Dispute funding for financially distressed companies

Dispute funding for financially distressed companies

A financially distressed or insolvent company may not have the financial resources to adequately prosecute its legal claims. Nevertheless, these claims may be an important asset of the company, representing the only source of recovery to unsecured creditors should a bankruptcy filing occur.

Instead of letting these assets wither in the background, advisors to creditors and distressed companies should consider dispute resolution financing as an option. Increasingly, litigation funding is filling the gap left by traditional financing sources, providing critical liquidity to companies in need.

A recent, two-part episode of Turnaround Time, a podcast hosted by the Turnaround Management Association of New York City, examines the ways litigation funding can be used by financially distressed and insolvent companies. A group of bankruptcy and litigation funding experts explain the fundamentals of litigation finance, including the key considerations involved.

The podcast was moderated by David Prager, Managing Director in the disputes consulting practice of Duff & Phelps. David was joined by Tatiana Markel, a bankruptcy litigation partner in BakerHostetler’s New York City office, Howard Brownstein, President and CEO of the Brownstein Corporation, and Ken Epstein, Investment Manager and Legal Counsel at Omni Bridgeway.

In Part I of the Episode, the panelists discussed:

  • The nature of litigation funding, including the types of financing available in disputes, and the kinds of cases in which funders invest.
  • A funder’s ability to provide undercapitalized parties—such as a bankrupt estate or distressed company—with the financing to pursue claims against well-to-do opponents.
  • The value of the funder’s due diligence process, which can help lawyers and clients assess the strength of their cases and legal strategies.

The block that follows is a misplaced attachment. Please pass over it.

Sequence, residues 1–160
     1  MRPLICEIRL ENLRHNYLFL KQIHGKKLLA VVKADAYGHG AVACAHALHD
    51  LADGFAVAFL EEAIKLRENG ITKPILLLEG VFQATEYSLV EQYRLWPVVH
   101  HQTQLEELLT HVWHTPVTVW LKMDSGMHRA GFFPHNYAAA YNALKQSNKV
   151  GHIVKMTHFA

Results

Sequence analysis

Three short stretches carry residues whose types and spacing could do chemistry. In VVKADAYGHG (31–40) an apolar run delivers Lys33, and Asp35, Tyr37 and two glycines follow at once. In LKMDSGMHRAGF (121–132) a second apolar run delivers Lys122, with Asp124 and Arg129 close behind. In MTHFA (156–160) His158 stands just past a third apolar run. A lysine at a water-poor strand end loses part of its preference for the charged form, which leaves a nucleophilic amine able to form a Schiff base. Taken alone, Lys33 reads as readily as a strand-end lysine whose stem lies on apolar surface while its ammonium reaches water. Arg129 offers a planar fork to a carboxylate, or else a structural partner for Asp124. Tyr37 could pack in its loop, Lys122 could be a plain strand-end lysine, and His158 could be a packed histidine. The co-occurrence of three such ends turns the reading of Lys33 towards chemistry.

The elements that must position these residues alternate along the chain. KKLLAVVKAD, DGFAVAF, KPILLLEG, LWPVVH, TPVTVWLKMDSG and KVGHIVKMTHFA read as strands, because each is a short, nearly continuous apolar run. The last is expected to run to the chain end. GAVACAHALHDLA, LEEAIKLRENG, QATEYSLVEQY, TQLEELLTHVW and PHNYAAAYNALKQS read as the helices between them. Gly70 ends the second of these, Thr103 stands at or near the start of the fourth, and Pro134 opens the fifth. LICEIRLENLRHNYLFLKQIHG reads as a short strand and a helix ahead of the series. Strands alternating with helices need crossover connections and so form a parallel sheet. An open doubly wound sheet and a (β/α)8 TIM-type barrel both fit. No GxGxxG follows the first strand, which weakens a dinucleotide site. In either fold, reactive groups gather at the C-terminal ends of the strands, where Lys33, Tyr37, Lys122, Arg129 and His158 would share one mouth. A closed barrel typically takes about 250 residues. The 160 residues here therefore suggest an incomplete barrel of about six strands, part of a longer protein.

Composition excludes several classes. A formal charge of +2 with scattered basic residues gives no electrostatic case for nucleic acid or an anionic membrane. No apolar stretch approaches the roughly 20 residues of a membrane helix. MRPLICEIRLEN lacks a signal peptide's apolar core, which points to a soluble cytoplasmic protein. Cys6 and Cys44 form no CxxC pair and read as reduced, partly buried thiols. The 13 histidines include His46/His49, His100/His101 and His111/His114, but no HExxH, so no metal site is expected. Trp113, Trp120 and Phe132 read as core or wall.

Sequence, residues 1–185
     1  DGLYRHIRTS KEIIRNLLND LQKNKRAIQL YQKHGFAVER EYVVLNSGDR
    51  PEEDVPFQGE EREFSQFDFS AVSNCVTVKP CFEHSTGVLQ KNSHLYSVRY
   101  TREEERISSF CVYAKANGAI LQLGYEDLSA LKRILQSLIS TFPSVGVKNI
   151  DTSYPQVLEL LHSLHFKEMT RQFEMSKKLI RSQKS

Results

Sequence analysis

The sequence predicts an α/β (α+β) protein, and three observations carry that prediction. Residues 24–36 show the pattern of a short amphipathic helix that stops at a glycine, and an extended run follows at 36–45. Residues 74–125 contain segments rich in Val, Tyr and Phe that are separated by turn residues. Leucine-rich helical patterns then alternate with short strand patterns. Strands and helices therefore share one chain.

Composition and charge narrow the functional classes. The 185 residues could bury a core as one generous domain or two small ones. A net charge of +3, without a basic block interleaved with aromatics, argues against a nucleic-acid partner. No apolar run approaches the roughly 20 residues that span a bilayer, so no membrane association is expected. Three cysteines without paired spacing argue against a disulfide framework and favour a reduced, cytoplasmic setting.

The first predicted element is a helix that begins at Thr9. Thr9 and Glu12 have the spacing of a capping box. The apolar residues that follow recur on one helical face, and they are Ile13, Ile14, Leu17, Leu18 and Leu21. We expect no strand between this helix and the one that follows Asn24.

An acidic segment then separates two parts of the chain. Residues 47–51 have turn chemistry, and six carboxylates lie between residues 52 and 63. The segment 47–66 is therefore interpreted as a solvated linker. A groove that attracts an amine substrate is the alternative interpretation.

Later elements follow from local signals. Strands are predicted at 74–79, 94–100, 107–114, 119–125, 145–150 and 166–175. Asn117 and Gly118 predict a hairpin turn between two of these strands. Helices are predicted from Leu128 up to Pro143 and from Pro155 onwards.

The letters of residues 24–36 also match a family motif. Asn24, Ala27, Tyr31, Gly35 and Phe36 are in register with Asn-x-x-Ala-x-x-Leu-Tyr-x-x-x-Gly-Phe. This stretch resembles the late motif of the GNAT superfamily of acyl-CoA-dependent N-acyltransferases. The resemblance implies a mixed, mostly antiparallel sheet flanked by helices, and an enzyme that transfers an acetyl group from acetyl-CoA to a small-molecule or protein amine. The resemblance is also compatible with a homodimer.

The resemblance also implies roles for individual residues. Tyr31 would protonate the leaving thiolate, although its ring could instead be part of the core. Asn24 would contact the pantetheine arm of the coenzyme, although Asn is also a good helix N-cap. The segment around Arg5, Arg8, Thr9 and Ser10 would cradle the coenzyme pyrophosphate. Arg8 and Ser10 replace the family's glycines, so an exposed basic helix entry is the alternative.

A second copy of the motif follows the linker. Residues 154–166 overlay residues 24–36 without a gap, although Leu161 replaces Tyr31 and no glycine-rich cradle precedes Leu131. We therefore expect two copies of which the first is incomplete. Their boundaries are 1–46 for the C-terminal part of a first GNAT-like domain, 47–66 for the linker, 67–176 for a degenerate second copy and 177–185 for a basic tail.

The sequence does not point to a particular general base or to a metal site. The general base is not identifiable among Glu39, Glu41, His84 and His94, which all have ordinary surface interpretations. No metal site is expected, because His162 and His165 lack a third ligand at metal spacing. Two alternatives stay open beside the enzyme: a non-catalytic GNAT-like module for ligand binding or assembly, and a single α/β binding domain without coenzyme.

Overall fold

• Creative ways dispute financing is being used to purchase legal claims and judgments on appeal, and to provide working capital to companies with large potential recoveries.
  • The nuts and bolts of litigation funding arrangements, including the process followed by the funder and its expected return on investment.
  • Ethical considerations for funders and lawyers, including the handling of confidential information and privilege issues, and the present state of ethical rules impacting funding in key jurisdictions.

In Part II of the Episode, the panelists discussed:

  • The nexus between litigation funding and bankruptcy cases and the types of cases that may be suitable for funding.
  • How funding can allow distressed companies and insolvent estates to retain high-quality law firms, even when those firms that have historically been unwilling to take substantial risk on cases.
  • A recent case that, in the words of one panelist, attempted to put the “square peg of litigation funding into the round hole of DIP financing” and how judges may react to this kind of funding scenario.
  • Issues of transparency and disclosure and how funding companies may need to evolve as they increase their assistance to insolvent entities.

You can find the entirety of this podcast discussion in Episode 5 of the Turnaround Time podcast.

And to learn more about how litigation finance can work for distressed or bankrupt companies, visit our Company Insights. While there, explore our recent podcasts, blog posts, and videos. Or contact us for a consultation to learn more about the ways we can help you pursue meritorious claims.